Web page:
In his fourth “serving,” Barkan  turns his roving eye towards seeing the “food” connection  in Renaissance  and later literature and philosophy. Rabelais and Montaigne, for example,  focus on the feast—on  the people involved in the production of comestibles  and in the  consumption of these foodstuffs, as symbols and signs of  enjoyment, satisfaction, and acting out of the ordinary.  Food itself can be sensual, as in the Erotic Vegetables  painting at attributed to Giovanni di Undine (2021:192). Moreover, the ways in which explorers /colonizers such as Columbus destroyed food and food product ion  become themes   in  Shakespeare’s The Tempest (2021:201 et seq).

In  his “piece de resistance,” his last offering, Barkan traces and explores the  artistic representation of food from antiquity, especially late antiquity, through the Renaissance and into the nineteenth century.  The actual portrayal of foodstuffs from mosaics to painting is real, that is, not stylized.  And the food stuffs—the fish, the grapes, the asparagus, to use  some examples, are each individualized and in a setting where they would  or could be consumed, with reference to commensality.  As Barkan notes, this often contrasts with representations of more generic individual persons (2021:206 et seq). Furthermore, delving into the literature of these later times, Barkan argues that the food as metaphor in Bacon, Shakespeare, and Proust, for example, is again real.  It is the way to understand both the action and the event and the larger meaning (Citing Milton as one example, Barkan argues: “It is that peculiar act of ingestion that counts as Milton’s  ultimate destination, and it is  ours as well (2021:241).”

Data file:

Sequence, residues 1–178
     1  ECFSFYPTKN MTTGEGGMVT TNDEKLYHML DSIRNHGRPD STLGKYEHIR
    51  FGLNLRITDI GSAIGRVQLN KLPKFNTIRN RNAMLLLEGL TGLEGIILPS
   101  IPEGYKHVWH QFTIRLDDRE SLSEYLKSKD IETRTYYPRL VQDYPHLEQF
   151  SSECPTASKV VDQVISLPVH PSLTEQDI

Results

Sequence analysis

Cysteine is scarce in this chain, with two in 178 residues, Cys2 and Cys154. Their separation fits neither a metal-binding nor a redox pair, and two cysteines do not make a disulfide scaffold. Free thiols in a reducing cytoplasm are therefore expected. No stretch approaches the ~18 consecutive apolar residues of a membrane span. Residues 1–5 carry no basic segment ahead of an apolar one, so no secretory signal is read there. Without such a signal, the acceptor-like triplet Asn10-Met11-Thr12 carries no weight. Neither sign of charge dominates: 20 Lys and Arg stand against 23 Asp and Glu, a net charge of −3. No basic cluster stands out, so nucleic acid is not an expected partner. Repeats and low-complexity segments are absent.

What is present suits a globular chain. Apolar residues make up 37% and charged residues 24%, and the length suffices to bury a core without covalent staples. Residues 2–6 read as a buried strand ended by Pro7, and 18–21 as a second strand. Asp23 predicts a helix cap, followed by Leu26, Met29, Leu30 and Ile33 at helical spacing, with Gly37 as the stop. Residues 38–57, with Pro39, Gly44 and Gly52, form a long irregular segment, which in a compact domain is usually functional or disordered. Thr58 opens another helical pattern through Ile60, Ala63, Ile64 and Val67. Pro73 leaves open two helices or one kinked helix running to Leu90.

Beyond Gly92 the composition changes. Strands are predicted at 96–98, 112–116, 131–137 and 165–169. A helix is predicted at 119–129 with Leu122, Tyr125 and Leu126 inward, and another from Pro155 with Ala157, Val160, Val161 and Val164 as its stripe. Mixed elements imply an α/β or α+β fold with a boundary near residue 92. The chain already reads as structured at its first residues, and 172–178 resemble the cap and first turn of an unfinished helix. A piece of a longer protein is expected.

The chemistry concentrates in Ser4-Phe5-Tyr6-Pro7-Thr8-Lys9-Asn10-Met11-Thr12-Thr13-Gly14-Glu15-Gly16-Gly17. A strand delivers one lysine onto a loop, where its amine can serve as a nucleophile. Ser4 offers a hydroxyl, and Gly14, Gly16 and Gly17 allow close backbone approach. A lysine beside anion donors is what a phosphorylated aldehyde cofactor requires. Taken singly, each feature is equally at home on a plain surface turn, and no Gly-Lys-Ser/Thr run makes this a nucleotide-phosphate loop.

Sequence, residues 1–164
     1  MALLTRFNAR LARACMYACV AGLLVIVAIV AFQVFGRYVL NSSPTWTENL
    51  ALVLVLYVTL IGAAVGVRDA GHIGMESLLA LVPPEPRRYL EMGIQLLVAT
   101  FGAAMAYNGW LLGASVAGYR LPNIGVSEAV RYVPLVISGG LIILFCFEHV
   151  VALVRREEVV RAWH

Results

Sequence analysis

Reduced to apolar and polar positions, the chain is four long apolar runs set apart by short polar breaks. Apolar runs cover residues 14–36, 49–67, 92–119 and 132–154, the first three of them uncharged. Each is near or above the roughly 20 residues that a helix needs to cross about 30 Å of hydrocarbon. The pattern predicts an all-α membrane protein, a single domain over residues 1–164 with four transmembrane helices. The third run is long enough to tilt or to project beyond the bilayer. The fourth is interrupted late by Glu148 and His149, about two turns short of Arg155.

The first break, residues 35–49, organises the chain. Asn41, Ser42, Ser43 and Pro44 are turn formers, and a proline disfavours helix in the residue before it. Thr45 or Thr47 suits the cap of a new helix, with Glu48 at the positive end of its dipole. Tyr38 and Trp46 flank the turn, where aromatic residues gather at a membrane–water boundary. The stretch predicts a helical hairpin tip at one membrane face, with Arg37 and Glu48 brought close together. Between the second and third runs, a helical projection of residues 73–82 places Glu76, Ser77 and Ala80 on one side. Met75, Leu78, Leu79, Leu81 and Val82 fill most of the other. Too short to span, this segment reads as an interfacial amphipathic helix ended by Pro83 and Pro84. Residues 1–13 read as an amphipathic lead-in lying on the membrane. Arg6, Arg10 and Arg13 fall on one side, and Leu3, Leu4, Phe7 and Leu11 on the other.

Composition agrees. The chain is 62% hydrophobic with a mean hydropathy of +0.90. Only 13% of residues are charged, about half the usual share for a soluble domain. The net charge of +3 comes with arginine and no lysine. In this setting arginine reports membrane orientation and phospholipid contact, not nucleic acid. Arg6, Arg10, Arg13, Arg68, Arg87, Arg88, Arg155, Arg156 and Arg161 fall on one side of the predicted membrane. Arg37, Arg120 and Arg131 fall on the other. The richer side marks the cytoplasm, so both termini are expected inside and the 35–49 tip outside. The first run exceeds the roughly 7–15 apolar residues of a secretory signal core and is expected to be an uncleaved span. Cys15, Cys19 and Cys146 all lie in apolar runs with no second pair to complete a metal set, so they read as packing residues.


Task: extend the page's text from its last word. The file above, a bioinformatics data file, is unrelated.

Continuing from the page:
A discussion of  Communion and related food gatherings is the way Barkan ends his presentation.  He  delves into the many interpretations of  the Jesus’ proscriptions of the consumption of bread and wine/His Body and His blood , in the New Testament and  in later theological interpretations.  Whether  the food and liquid are “real,” whether they  are metaphors or metonyms, depends on the writer . John, Paul, later Augustine, and Calvin may differ.  But to Barkan,  the fact is that food and drink—consumed in a social setting–are central to the theological message.  From the artistic side,  painters  from late antiquity through the Middle Ages and Renaissance,  reprised this theme—food and drink  at mealtimes are the crucial link between G-d  and people  (2021:246 et seq).

The previous discussion is an understatement of the  incredibly rich and stimulating discussion Barkan provides about the importance of reaffirming a significant and often central place of food in drink in Western thought, religion, literature, and art.  It is worth the price of the meal itself.  Specialists in all the fields mentioned can and should debate the points Barkan raises.  It is heartening to see that there is now more interest in food represented in art in general, as in Reference 1 and Reference 2. Barkan’s writing style varies  from the high formal tone of academic  discourse to informal  and familiar ways of speech with jokes and puns throughout.  The book is appropriate for upper division,  graduate students, professionals, and the educated reader . 


 2009    Stokstad,  Marilyn.  Art History.  1 and 2.  Harry N. Abrams. New York.


Reference 1 


(Accessed March 25, 2022.)

Reference 2


(Accessed March 25, 2022.)